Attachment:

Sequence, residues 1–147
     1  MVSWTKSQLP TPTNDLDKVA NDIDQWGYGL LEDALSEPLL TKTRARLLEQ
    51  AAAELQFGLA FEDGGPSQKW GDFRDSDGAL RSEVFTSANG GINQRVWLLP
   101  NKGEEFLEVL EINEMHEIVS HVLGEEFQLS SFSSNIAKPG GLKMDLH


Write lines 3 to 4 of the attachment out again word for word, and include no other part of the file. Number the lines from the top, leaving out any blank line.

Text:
    51  AAAELQFGLA FEDGGPSQKW GDFRDSDGAL RSEVFTSANG GINQRVWLLP
   101  NKGEEFLEVL EINEMHEIVS HVLGEEFQLS SFSSNIAKPG GLKMDLH